The next thing Cooper knew, he was partnered with Ruud van Nistelrooy, and playing on the same side as Nicky Butt, Ryan Giggs and Juan Sebastian Veron. Marking him was vaunted English defender Rio Ferdinand and John O'Shea.
When Cooper, Sr., heard about this opportunity, he jumped on a plane from Dallas to try and catch the match. Though he missed the game by only an hour, he knew right away how his son fared.
"He was sitting on the steps outside of the training center, and he was just beaming," recalled Cooper, Sr. "He said, 'Dad, I know I can play with these guys. I know I can do it.' And he had the biggest smile you could imagine."
That smile only grew larger a week later when he was back in the U.S. and the phone rang. On the other line was none other than Sir Alex Ferguson, the famed manager of Manchester United, which practically holds as much power as that of Tony Blair or the Queen over in England. His dad took the phone and got the exciting news.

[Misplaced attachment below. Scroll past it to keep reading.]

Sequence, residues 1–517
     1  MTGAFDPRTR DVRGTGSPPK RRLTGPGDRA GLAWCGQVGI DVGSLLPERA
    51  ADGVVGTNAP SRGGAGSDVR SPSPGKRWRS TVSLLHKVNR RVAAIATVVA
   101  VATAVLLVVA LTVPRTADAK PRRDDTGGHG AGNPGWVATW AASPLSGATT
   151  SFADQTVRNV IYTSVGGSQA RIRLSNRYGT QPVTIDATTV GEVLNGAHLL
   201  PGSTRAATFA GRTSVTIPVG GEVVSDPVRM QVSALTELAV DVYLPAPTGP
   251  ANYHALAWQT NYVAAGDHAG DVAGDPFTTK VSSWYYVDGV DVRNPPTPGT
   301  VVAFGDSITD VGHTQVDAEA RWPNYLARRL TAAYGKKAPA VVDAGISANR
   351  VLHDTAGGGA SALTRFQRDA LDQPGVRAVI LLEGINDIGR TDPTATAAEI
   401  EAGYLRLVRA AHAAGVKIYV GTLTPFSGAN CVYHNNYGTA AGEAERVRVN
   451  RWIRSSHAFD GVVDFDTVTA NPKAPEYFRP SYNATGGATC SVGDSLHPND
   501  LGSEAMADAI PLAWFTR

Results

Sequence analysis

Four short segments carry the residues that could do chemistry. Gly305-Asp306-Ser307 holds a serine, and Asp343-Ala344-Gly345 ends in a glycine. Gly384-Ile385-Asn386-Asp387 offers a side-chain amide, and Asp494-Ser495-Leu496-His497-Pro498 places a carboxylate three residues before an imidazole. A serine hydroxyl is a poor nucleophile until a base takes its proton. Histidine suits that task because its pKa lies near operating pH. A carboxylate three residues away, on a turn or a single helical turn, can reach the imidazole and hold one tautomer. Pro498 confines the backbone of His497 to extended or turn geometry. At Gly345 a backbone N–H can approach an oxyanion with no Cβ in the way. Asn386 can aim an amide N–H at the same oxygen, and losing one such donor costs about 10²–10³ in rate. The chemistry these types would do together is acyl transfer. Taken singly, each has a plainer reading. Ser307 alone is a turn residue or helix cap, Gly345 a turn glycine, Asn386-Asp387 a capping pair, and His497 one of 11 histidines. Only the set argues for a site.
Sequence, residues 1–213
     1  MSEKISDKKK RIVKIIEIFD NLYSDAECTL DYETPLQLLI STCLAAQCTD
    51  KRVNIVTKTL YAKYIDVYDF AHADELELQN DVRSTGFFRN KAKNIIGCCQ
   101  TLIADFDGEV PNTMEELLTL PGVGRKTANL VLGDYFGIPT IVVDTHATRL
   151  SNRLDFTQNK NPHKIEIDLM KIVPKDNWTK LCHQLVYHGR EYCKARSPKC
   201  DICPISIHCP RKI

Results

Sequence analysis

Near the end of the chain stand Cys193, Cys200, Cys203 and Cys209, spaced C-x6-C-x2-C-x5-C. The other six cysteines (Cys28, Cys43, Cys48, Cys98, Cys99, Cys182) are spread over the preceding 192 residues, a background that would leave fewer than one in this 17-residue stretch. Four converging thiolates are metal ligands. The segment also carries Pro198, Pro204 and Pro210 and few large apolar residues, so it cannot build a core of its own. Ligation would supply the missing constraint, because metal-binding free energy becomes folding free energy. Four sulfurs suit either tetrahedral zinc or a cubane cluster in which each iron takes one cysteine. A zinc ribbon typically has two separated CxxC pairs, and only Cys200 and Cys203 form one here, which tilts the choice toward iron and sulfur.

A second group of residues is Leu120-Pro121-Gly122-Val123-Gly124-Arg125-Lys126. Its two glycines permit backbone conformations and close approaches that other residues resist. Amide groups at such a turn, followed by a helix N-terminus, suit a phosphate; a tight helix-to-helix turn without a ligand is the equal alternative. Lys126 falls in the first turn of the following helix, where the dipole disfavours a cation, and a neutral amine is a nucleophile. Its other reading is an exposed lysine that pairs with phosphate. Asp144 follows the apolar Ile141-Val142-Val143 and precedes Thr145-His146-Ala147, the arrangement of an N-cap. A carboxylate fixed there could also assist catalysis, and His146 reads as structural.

"Sir Alex said that Kenny did well, and how he's big, he's powerful, good with both feet, and has a lot of potential as a player," said Cooper, Sr. "Then he said he'd like to offer him a three-year contract."
Here he was a recent high school graduate, who wasn't even in the pool for the U-20 National Team, and had only gone as far as being in the regional pool with the Olympic Developmental Program, getting an offer from Fergie. All of a sudden, his plans of going to play at Southern Methodist University changed, as did nearly every facet of his life.